"Life is great and I'm so glad to be where I am right now," said Elizabeth Smart before speaking to a crowd of 1,500 in a downtown Austin ballroom.
The 25 year old abduction survivor refuses to let her 2002 kidnapping define her. Now married and finishing her degree she's advocating for children through her foundation.
Smart was taken at knifepoint from her Utah home, essentially vanishing that night. She was 14 years old at the time and would spend the next nine months with Brian David Mitchell and Wanda Barzee. Both are behind bars.
"I remember being so scared," she said from the podium. "I will never, ever, ever forget how I felt. I felt so broken," she recalled.
She's speaking out about her ordeal in hopes of raising awareness and providing hope for others. Local non-profit Helping Hand Home invited Smart to speak at its annual Champions for Children awards luncheon.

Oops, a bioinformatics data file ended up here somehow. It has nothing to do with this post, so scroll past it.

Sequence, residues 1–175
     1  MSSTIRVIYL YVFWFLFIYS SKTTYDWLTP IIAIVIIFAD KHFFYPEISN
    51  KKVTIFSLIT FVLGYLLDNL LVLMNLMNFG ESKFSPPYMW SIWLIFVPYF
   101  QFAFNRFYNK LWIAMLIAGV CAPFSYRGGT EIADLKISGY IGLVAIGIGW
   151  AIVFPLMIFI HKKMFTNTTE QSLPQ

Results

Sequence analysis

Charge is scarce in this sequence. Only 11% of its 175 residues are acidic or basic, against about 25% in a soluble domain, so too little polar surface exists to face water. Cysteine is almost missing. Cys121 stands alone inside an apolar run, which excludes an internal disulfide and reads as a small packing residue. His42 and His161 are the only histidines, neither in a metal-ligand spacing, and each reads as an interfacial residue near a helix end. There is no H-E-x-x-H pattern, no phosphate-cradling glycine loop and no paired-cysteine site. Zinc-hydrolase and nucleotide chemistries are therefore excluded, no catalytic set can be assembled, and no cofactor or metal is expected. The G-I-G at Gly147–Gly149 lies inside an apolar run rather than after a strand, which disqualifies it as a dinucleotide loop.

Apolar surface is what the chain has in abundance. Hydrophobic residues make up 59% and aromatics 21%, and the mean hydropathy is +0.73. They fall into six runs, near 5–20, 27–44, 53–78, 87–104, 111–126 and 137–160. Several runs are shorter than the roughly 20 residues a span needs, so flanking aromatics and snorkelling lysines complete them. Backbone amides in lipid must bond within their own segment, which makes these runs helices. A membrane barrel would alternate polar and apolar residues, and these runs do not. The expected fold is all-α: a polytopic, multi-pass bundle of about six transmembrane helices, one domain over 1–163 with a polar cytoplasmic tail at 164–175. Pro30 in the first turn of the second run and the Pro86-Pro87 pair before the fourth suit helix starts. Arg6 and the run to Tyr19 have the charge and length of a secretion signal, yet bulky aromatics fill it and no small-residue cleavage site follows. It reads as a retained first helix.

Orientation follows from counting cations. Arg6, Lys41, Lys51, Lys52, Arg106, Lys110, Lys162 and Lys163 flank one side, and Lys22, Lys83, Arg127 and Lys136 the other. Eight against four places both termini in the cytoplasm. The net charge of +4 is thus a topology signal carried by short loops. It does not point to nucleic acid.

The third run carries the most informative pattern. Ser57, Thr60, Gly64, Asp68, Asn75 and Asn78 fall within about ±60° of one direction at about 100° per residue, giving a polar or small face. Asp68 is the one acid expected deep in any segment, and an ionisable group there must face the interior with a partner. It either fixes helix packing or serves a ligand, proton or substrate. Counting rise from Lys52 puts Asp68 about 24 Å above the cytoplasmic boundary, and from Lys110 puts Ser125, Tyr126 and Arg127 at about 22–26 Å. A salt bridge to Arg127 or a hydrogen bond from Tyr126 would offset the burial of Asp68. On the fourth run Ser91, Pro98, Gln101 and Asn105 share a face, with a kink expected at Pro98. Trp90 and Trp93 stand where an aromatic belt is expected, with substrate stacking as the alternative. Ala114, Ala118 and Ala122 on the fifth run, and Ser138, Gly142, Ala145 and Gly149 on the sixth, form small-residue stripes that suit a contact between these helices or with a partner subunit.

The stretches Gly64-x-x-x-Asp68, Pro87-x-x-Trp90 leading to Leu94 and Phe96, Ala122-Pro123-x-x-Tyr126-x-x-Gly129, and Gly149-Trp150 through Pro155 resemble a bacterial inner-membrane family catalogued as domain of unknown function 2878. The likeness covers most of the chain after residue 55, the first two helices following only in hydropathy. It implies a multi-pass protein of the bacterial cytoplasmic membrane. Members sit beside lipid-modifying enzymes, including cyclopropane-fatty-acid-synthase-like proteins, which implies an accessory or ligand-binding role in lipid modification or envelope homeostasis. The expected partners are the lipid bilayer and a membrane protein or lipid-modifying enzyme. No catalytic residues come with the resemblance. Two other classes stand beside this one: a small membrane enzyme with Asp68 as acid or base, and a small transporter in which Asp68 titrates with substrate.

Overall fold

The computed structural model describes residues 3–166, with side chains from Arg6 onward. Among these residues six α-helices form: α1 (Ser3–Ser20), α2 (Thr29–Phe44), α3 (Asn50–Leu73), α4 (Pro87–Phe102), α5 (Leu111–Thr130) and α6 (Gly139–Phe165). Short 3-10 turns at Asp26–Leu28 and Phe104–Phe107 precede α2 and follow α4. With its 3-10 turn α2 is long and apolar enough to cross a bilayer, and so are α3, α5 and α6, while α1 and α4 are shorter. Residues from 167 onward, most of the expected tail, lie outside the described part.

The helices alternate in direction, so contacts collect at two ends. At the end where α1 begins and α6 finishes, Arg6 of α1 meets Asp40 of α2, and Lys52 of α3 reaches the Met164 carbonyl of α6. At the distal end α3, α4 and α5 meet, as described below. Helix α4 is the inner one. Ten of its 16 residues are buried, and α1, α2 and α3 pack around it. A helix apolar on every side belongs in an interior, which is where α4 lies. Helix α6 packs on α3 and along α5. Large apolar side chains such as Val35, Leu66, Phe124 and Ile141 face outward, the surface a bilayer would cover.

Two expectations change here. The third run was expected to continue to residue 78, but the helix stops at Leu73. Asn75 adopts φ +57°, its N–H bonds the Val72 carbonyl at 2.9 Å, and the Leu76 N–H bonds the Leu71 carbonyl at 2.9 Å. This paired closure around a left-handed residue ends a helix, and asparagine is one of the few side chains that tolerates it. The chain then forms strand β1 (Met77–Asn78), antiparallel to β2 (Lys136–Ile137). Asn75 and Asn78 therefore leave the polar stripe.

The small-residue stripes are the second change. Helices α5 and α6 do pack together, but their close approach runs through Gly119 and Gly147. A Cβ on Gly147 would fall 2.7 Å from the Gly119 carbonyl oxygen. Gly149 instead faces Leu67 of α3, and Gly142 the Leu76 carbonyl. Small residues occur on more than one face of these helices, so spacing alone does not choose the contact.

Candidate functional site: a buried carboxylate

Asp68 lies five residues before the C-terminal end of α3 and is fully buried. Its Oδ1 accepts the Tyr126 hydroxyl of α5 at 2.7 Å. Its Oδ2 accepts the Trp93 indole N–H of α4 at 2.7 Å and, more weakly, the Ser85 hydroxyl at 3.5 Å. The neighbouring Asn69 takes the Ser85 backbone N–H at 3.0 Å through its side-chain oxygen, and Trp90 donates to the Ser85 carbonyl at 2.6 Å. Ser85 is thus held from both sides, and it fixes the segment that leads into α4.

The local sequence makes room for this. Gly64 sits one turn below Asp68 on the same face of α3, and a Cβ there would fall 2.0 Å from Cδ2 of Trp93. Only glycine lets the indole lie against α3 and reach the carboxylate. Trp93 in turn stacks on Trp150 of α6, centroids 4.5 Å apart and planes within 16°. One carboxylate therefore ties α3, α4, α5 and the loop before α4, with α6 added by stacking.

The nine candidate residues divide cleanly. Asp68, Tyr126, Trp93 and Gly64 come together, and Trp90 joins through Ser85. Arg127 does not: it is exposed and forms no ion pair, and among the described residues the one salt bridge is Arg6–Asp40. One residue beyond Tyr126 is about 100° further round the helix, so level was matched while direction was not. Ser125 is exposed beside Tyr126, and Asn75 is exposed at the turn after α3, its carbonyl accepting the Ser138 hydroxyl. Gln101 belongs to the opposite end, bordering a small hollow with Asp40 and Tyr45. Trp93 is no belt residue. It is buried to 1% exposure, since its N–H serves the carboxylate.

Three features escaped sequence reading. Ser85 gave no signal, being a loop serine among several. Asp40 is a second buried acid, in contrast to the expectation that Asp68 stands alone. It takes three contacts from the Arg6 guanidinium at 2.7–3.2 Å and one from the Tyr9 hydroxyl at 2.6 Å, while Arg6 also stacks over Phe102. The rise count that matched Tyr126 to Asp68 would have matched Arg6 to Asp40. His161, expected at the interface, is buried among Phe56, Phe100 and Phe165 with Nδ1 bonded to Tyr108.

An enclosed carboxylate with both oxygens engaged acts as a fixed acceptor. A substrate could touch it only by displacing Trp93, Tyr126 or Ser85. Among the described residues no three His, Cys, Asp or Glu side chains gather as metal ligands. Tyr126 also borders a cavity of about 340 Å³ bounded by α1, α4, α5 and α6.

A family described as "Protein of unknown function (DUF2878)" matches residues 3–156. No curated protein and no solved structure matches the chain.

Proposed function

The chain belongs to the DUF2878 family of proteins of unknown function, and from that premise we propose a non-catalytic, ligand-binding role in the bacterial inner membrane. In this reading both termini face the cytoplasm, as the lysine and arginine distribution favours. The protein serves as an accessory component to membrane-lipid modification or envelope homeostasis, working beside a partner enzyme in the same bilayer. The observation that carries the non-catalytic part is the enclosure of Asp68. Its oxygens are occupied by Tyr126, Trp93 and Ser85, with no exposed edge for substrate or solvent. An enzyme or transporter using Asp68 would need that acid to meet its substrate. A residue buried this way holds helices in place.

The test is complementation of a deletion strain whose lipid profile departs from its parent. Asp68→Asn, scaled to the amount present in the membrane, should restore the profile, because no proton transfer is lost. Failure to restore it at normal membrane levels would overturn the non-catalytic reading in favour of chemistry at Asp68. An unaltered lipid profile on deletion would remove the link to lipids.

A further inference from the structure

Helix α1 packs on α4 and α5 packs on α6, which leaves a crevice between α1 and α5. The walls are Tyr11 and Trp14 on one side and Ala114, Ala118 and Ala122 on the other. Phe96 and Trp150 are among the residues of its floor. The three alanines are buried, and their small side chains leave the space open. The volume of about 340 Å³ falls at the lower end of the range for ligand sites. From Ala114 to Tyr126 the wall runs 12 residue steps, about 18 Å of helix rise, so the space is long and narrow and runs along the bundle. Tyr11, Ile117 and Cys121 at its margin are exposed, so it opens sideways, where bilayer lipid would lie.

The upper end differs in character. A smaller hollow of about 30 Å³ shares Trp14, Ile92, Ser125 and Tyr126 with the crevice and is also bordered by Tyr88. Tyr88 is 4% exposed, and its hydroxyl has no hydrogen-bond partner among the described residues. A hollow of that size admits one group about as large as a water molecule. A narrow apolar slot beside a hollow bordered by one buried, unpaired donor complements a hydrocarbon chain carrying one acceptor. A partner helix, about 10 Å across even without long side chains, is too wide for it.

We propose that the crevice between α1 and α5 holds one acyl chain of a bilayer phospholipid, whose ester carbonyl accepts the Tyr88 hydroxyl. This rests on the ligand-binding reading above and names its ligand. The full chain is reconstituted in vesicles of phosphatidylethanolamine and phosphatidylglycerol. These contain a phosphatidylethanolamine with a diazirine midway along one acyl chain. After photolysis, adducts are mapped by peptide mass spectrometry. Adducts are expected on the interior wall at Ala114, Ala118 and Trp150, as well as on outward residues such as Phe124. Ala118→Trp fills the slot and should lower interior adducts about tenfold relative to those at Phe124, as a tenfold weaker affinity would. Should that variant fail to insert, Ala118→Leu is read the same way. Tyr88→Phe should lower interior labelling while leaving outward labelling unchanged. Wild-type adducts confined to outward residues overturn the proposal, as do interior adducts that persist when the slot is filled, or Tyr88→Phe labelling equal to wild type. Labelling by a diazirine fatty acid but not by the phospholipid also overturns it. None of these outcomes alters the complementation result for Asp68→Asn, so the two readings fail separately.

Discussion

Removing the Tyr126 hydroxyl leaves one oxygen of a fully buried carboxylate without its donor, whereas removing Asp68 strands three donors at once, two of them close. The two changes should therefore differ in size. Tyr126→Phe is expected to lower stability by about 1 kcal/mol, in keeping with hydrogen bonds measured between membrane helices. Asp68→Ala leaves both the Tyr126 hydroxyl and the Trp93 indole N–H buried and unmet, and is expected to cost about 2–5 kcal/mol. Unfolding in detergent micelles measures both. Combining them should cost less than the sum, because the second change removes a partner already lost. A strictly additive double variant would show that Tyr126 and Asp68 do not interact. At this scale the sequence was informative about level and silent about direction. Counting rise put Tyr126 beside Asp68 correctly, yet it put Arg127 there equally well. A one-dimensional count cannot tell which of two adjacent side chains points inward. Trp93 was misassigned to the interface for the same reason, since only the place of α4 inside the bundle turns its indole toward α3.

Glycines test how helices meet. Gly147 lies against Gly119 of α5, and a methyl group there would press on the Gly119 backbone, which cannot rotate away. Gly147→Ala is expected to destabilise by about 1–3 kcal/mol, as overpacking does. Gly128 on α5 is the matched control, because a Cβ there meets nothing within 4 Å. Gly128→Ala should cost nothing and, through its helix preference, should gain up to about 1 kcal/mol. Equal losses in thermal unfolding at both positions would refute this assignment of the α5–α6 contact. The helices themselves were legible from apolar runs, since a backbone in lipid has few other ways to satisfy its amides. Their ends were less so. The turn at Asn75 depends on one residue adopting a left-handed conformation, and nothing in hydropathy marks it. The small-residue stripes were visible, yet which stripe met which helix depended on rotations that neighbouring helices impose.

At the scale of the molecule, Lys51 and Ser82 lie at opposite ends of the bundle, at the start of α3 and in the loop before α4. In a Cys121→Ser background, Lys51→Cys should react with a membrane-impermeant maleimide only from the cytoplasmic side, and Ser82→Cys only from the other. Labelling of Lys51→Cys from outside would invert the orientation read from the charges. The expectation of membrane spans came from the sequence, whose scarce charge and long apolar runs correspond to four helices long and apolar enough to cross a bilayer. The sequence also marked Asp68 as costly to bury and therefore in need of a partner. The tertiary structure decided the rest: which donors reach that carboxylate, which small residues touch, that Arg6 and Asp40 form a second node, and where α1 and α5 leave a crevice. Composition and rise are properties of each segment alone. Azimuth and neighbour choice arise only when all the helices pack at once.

"During my kidnapping I saw the very worst of humanity but since that point I've met people and worked with them and I've seen the very best in humanity," said Smart.
Ted Keyser is the executive director of Helping Hand Home. "It was important to bring Elizabeth because in a sense there are parallels to what children in foster care go through and how her faith was tested and her resiliance to survive abuse and neglect," said Keyser.
Smart recently published 'My Story' a detailed account of her kidnapping, missed chances to escape and her rescue.
"I'm so glad that by sharing my story I can make a difference and reach out to other survivors and people who need a little extra hope," Smart said.
Her message of hope and determination to survive resonates with the work the non-profit does.
"We want people to know there is hope. Great hope for tomorrow and that's what Elizabeth represents to us," Keyser said.